It’s usually the indomitable quality of Brandi Carlile’s voice that grabs people first. Most singers have a threshold to their vocal range, where the robustness of their voice pretty much just gives out. To hit the higher notes in a song, they have to shift to thinner, airier falsetto voices. But over the course of her four studio albums, with Bear Creek being the latest, Carlile has proven that nature’s laws of the larynx don’t apply to her.
Her performance of “Raise Hell,” the second track on Bear Creek, is a fine example. The song has the primal, minor-key feel of an Appalachian murder ballad, the sort of thing that’s often delivered in chilly — and chilling — fashion. For the record, the song isn’t really a murder ballad, although it was written in a dramatic setting, as she puts it, “on my birthday, backstage in Boston, Mass., during a lightning storm.”
Carlile takes the opposite vocal approach that you’d expect on such a song. During a chorus melody that’s too far up the scale for a lot of other vocalists to reach in full voice, she attacks the notes with from-the-gut intensity, and her singing actually gets hotter and louder. Even if you’re not thinking about what she’s pulling off at that moment, you can’t help but feel its molten impact.
She’s no classically-trained operatic singer, although she has recorded a live album with a symphony from her native Washington state. Instead, her star has steadily risen by churning out roots-leaning music powered by sleek modern rock, elevated by sturdy pop hooks and grounded by traditional country grit. So you’ve got to wonder how she learned to do so much with her vocal instrument.
“Patsy Cline was a big part of me discovering my vocal capacity,” says Carlile, 31. “Most people don’t realize how loud she is. If you really listen closely, the amount of times in any given song that she distorts, you might think it’s your car speakers or something. They didn’t quite know how to fully contain her voice then. She was loud.”
Carlile didn’t just listen through car speakers to the voices that caught her ear.
“I used to do this thing: I would sit around and wait for my family to leave the house so that I could sing really loud,” she explains. “I had to know if I could hit that note that I heard that day. So I’d go to the piano and find the key, and then I’d wait till everybody left and I’d just start yelling. I mean, I did that hundreds of times. And a lot of times I would do it to Queen songs and try to hit Freddie Mercury’s pitch, even k.d. lang, when she covered that Roy Orbison song ’Crying.’ Anybody with a massive range used to really impress me.”
That was back in Carlile’s grade school days. Now she’s teamed up with the Hanseroth twins, Phil and Tim, as a co-writing, long-term, bona fide band with her as front woman and namesake. Together they’ve made major label albums with high-profile producers like T Bone Burnett (2007’s The Story), Rick Rubin (2009’s Give Up the Ghost) and Trina Shoemaker (who co-produced most of Bear Creek).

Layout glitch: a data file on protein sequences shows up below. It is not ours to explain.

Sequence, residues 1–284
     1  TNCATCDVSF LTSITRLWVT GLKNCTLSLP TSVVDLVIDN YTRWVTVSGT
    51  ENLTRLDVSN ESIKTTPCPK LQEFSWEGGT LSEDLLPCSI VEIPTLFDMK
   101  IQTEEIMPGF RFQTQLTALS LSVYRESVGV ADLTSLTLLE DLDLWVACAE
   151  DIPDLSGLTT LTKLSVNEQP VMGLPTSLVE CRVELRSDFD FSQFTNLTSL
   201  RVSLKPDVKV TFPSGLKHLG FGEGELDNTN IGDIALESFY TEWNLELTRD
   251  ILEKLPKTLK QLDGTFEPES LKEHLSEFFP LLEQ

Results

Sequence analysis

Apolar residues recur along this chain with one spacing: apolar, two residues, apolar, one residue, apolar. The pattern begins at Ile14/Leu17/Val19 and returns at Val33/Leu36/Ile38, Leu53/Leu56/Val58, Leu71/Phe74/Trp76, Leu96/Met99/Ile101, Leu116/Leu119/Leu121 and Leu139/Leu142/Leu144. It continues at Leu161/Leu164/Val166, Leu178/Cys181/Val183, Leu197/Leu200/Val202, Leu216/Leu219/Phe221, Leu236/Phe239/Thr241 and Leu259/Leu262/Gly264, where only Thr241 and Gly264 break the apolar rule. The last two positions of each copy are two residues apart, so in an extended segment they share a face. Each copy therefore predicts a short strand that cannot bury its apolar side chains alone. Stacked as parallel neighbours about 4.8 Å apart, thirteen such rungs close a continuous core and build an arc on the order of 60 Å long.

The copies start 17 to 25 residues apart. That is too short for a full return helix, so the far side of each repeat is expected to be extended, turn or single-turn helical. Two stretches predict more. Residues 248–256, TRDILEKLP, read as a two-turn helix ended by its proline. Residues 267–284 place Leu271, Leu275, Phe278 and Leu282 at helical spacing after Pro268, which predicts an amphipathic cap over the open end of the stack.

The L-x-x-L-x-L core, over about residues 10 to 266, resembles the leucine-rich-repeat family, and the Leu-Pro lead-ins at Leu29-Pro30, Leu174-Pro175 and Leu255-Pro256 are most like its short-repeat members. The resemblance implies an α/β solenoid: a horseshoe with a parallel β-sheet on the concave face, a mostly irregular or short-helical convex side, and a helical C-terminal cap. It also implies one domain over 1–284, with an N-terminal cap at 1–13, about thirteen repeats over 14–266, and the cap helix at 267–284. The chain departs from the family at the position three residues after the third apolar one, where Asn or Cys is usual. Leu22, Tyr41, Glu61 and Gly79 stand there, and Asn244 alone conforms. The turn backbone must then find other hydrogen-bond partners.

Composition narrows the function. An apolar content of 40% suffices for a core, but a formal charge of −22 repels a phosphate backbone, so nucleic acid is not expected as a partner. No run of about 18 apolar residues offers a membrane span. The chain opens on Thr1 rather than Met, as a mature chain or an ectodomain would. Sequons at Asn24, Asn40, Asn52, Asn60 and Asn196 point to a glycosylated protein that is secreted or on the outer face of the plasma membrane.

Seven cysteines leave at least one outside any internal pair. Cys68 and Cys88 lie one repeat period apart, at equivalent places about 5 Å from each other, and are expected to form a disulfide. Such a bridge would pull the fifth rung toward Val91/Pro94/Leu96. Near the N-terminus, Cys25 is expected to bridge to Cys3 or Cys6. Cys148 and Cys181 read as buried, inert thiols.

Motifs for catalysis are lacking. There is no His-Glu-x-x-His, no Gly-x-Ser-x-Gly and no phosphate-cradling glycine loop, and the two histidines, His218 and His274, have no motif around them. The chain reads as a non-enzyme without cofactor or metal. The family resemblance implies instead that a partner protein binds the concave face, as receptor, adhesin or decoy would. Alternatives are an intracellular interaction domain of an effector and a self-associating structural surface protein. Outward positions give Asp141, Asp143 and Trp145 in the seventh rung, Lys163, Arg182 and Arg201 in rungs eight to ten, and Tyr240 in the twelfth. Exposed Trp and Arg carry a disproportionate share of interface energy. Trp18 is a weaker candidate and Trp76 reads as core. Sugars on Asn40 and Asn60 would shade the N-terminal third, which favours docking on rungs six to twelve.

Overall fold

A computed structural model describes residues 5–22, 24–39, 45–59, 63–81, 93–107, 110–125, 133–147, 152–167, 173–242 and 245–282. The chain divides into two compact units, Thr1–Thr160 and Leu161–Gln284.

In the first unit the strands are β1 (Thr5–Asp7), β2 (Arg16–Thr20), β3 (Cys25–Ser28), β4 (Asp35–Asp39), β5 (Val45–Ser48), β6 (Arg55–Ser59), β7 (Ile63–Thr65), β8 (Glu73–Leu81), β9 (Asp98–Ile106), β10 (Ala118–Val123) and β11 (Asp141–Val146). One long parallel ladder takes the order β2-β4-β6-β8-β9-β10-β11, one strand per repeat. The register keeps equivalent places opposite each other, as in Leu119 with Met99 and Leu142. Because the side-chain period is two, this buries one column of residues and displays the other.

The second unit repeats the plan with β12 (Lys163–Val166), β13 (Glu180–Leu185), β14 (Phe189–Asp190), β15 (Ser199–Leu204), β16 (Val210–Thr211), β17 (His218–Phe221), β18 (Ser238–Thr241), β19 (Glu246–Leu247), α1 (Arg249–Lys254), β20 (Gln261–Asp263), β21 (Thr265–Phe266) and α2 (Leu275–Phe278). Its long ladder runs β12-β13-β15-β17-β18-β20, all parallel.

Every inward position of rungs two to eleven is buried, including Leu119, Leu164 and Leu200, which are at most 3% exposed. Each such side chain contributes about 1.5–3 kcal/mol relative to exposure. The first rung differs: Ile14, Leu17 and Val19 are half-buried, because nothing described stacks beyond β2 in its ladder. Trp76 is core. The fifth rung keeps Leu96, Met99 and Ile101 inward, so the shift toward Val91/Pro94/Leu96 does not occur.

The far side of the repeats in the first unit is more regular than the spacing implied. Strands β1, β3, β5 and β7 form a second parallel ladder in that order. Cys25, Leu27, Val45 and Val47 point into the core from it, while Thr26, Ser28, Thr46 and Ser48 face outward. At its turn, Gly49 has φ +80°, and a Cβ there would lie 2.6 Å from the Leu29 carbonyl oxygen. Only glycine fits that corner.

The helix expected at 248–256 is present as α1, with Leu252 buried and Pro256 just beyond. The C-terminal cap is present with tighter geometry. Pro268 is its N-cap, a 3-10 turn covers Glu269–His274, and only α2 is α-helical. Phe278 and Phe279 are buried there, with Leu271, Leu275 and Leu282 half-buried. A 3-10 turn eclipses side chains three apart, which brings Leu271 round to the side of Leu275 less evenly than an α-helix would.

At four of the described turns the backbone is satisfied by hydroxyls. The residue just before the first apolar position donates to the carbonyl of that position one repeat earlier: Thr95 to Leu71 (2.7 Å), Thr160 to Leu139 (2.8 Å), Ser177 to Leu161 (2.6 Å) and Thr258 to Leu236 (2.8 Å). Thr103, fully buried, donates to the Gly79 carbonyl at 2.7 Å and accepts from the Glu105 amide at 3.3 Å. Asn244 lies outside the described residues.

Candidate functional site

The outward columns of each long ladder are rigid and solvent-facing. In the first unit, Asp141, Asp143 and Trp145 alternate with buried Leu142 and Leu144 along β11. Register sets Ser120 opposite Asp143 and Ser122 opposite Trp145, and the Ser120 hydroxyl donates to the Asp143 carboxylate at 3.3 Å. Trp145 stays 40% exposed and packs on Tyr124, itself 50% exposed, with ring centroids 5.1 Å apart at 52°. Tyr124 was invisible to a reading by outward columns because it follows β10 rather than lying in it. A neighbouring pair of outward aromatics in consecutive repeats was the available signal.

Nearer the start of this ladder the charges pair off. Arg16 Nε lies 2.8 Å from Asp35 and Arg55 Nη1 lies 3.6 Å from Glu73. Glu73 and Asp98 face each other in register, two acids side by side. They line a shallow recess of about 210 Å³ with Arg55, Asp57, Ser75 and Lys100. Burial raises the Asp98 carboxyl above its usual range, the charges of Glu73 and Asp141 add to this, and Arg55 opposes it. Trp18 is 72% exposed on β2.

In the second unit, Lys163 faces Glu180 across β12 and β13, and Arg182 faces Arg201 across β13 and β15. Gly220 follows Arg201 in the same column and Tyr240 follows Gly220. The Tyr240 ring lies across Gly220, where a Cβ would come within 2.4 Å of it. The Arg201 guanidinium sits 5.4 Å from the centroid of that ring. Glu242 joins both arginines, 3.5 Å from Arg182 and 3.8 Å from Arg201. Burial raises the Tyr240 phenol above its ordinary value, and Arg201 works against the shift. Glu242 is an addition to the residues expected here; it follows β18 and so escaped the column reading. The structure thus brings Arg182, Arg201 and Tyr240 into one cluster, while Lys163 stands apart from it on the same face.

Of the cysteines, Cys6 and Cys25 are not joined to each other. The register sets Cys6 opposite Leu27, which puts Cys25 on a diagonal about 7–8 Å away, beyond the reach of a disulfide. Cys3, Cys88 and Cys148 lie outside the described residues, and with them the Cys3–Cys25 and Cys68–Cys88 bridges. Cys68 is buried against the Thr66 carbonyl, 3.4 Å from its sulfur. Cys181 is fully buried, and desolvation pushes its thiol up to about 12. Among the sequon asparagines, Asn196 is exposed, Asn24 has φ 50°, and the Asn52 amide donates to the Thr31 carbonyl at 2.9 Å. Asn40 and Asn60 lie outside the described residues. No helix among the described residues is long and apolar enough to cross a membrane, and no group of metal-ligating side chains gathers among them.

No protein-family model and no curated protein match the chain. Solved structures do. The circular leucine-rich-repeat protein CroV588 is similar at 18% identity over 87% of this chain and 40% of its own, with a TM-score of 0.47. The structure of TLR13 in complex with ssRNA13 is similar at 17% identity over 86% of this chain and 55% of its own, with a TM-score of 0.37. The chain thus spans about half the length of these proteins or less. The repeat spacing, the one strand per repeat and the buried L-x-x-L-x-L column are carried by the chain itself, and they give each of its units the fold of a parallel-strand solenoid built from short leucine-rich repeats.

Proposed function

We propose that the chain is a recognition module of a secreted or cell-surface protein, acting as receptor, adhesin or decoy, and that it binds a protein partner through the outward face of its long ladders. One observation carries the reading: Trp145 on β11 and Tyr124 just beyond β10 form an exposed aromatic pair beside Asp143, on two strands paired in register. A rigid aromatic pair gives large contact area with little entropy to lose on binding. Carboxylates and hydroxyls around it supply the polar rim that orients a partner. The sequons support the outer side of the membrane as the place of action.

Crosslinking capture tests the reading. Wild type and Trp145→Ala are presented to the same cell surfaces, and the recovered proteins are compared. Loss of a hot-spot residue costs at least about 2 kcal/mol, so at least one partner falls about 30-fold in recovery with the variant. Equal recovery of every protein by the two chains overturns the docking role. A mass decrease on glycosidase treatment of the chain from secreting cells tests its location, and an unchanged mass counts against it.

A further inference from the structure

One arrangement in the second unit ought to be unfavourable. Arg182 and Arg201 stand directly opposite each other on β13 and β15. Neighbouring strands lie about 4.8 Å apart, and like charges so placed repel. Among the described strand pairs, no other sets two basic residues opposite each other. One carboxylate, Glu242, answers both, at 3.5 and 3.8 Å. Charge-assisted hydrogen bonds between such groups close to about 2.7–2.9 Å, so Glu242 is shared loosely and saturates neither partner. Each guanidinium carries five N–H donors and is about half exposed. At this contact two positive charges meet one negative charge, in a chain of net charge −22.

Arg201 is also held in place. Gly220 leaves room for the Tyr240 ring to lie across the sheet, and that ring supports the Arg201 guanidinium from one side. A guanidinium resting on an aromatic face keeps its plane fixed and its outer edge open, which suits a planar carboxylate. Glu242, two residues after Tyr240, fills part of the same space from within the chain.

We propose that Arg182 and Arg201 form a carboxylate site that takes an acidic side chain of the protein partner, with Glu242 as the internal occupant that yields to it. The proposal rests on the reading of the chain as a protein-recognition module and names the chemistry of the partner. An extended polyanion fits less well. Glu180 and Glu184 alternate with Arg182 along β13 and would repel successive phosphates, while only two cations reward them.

In the studio, Carlile had to learn when and how to use her lung power.
“Actually, it’s when I like the most help,” she says. “I want the producer to tell me, ’OK, you’re yelling my face off too long right now. You need to save that for the last second.’ When I was doing [the song] ’The Story’ with T Bone Burnett, that first line where I go up to a falsetto and I go [singing], ’So many stories of where I’ve been.’ … I used to belt that. And [T Bone’s] like, ’Can you just wait two more minutes before you peel the paint off the walls?’ It never occurred to me. It doesn’t really ever occur to me to lay off, and I appreciate that help in the studio.”
Even though she’s hardly a household name in the country music world, she’s not far removed from one. Miranda Lambert’s fans know the name Frank Liddell. Besides his involvement in all of Lambert’s albums, he also co-produced “Raise Hell” and another Bear Creek track. In addition, Carlile wrote the stone-country shuffle, “Same Old You,” on Lambert’s Four the Record album.
The variety of singers Carlile invokes as influences — from glam rockers to torchy balladeers, sophisticated pop singers and even early Elton John — should say something about her musical vision, as well. Then there’s the fact that she’ll be one of the marquee performers at the Americana Music Festival later this year.
The only real constant with Carlile is the sheer amount of territory she covers with her dynamic performances and stylistic sensibilities.
“I mean, I couldn’t be less interested in becoming genre-specific in any way,” she says with a sense of conviction that suggests she’s pondered this at length. “If I could be anything to the music industry, it would just be sort of a human eraser of lines between genres, just because it’s so damaging — ’they’re on that team, I’m on this team.’ ’I don’t like country.’ ’I don’t like rap.’
“I would just really like to prove to someone that doesn’t like country that they do. …We just put all kinds of crazy stuff on this album. None of it fits together in a way that has tangible continuity. It’s all just a feeling.”